Employee running at remote location
Tourism
Man doing handstand while using computer
Unconventional
Conventions
Creativity is crucial for business meetings during COVID-19
By Tracy Barbour

A

s the coronavirus pandemic persists, going virtual takes on a deeper meaning for larger-scale events where people have traditionally gathered in person for training, education, and networking. Many Alaska organizations are converting their conventions, conferences, and other meetings to online or hybrid options that are safe for attendees.

Take, for example, the Anchorage Economic Development Corporation (AEDC) 3-Year Outlook Virtual Luncheon, which took place in August. AEDC’s decision to hold the event online was relatively easy to make, especially given that the health and safety of its team, vendors, sponsors, and audience was at stake. “We surveyed our sponsors and members back in May to check in with them and also analyze their level of comfort with an in-person event,” Development Director Tara Nokelby says. “It was fairly clear at that time that we would be pivoting to a virtual event and, given the current climate, we’re extremely happy we made that call.”

UIC
Cultural Values and Teamwork Combine to Deliver Financial Success
Image of Delbert Rexford
Delbert Rexford, UIC President, CEO
U

IC is one of Alaska’s most financially sound companies, but its journey to get here was not without challenges. A little more than two years ago, UIC was struggling with many of its subsidiaries incurring losses. The company’s line of credit was also exhausted and bonding facilities were lost. Good employees were leaving, and quite frankly, UIC was facing a serious liquidity problem that threatened the company’s future. While this may read like the beginning of a business horror story, it is actually a success story about how the right combination of solid leadership, teamwork, and cultural values can turn things around.

In November of 2017, UIC’s Board of Directors selected Delbert J. Rexford as its new President and CEO. Rexford, an Iñupiat, and an original UIC shareholder, was quick to apply cultural values and the Arctic whaling tradition of teamwork to UIC. Rexford’s initial focus was on building a strong executive team, which included hiring Jeevan Pokharel as the new CFO, now COO.

Alaska Native
Giant Clients
ANCs diversify with government contracts
By Isaac Stone Simonelli
Image of Giant Clients
Alaska Native
Giant Clients
ANCs diversify with government contracts
By Isaac Stone Simonelli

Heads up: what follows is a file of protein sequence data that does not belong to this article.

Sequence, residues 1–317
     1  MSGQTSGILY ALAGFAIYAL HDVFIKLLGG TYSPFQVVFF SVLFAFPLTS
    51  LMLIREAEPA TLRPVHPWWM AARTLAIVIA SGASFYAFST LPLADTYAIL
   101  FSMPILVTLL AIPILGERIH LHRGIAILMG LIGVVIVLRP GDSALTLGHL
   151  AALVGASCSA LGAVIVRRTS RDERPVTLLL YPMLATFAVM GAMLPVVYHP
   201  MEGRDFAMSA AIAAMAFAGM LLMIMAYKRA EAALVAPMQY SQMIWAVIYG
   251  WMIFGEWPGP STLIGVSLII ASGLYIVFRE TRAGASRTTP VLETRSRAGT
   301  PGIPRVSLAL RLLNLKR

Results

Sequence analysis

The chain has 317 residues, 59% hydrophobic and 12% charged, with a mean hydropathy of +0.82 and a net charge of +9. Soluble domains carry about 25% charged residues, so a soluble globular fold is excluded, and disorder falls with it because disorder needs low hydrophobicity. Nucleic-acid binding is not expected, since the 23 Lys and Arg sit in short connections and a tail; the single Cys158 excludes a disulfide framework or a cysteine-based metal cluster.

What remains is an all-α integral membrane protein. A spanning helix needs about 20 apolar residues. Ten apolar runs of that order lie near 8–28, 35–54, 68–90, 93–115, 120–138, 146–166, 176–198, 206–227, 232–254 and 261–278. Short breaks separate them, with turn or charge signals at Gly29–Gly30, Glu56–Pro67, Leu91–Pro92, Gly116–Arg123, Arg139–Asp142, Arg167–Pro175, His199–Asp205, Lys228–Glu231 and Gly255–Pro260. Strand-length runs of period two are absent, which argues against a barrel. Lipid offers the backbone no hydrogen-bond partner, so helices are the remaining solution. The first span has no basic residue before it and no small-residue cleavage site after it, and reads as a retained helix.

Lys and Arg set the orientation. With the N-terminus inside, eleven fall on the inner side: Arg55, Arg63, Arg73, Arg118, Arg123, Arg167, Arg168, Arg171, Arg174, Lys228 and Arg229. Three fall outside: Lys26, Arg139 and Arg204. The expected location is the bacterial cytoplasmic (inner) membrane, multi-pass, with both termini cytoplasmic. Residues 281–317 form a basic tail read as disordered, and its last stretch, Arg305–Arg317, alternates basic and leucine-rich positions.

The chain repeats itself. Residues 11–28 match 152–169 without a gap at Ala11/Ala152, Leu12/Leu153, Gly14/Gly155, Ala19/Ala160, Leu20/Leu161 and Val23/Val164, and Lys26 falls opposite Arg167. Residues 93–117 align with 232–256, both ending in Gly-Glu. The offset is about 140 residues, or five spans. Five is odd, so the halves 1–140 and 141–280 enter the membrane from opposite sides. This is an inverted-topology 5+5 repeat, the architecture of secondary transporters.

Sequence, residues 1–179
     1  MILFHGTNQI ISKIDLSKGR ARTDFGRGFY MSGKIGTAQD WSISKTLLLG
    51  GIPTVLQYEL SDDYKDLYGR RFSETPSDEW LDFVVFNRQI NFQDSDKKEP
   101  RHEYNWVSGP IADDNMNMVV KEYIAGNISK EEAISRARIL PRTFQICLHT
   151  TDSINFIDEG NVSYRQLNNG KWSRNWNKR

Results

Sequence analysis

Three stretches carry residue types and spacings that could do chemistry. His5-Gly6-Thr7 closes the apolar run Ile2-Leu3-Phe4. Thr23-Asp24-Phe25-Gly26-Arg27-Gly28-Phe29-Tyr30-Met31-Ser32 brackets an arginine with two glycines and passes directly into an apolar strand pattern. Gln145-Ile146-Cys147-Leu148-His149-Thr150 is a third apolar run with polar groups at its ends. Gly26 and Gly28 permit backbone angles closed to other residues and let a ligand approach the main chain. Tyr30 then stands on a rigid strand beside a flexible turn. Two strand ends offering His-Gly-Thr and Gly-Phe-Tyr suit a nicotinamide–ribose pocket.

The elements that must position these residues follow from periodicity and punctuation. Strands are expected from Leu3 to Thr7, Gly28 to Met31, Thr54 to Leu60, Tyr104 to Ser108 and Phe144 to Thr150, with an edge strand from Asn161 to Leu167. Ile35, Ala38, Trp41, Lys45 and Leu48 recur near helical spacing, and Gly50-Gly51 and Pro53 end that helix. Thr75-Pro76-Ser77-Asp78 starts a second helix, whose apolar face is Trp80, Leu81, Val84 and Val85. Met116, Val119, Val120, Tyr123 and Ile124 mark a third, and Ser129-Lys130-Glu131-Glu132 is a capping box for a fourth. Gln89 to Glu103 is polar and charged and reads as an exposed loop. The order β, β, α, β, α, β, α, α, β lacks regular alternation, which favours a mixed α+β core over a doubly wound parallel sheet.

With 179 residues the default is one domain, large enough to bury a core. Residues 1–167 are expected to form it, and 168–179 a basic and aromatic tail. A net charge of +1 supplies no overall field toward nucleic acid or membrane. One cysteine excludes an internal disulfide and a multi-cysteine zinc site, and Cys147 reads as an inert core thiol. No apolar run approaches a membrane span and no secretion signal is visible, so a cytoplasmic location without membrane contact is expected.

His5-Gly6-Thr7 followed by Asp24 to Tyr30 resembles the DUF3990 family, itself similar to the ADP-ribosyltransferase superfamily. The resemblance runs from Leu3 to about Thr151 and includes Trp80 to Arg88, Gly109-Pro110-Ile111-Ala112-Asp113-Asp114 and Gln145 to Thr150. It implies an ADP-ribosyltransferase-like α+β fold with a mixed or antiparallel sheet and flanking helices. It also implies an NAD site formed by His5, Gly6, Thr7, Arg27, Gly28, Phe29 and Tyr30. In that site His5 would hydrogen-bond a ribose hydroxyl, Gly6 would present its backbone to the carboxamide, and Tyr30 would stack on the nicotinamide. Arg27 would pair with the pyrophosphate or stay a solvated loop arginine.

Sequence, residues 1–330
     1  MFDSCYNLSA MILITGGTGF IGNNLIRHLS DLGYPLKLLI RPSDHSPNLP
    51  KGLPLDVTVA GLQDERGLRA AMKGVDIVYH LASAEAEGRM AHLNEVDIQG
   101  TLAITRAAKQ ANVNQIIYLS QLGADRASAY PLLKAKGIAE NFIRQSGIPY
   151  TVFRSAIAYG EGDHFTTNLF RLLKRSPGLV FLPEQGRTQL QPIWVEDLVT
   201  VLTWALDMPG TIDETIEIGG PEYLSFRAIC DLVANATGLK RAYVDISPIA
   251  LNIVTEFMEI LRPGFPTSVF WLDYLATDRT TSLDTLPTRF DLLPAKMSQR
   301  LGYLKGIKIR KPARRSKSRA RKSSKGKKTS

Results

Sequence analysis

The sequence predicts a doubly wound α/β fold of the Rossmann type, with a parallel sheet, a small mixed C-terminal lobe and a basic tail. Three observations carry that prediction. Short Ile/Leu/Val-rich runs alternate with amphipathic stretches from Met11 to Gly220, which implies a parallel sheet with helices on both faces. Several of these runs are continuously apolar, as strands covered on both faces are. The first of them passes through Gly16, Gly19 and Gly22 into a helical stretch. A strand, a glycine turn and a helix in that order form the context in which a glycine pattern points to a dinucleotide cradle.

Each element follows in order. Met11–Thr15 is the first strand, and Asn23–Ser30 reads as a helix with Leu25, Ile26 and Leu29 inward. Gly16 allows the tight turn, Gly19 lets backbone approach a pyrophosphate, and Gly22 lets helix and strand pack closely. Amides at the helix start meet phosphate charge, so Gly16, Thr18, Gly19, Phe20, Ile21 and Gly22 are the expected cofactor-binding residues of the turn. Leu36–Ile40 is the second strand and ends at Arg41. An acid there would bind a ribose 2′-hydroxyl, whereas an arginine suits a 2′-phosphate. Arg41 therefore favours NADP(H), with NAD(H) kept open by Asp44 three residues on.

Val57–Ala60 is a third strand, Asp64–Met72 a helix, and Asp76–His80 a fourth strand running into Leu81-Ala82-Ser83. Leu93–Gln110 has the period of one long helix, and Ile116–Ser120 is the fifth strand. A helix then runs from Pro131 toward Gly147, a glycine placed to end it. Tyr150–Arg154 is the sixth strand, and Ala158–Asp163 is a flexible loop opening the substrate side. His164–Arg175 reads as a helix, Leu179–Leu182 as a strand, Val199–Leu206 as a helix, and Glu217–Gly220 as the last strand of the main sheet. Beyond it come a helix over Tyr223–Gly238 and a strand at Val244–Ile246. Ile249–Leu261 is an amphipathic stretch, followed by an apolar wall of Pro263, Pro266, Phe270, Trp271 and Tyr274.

Image of Giant Clients
JJPan | iStock
T

he diversified portfolios of Alaska Native Corporations (ANCs) go far beyond resource extraction projects and the state’s borders. ANCs are no stranger to government contracts, as the different corporations offer professional services, IT services, base operations and logistics support, hardware retail, wholesale distribution, construction, and more.

Cape Fox Corporation moved into government contracts around the turn of the millennium with the goal of diversifying.

“Cape Fox was originally focused on the timber industry in southeast Alaska,” Cape Fox Corporation CEO Chris Luchtefeld says. “As the company progressed and the timber industry was slowing, the corporation made the decision to enter into government contracting as a way to diversify the corporation.”

2020 Top 49ers Special Section
Triumphant Journeys:
The Alaska Business 2020 Top 49ers
By Kathryn Mackenzie
O

ne factor that contributes to successful business operations is the ability to adapt to new situations; rare is the organization that flourishes without changing at all. This year, as we are all acutely aware by now, will go down in history for many, many things including the wide range of methods implemented by businesses as they adapted to the new landscape presented to them by COVID-19. Some organizations have been overwhelmed by demand (healthcare comes to mind) while others experienced the exact opposite problem. Businesses in the retail, hospitality, and tourism industries continue to struggle to stay afloat, protect their employees and clients, and navigate the ever-changing, sometimes conflicting protocols and procedures mandated by local municipalities, state government, and federal officials.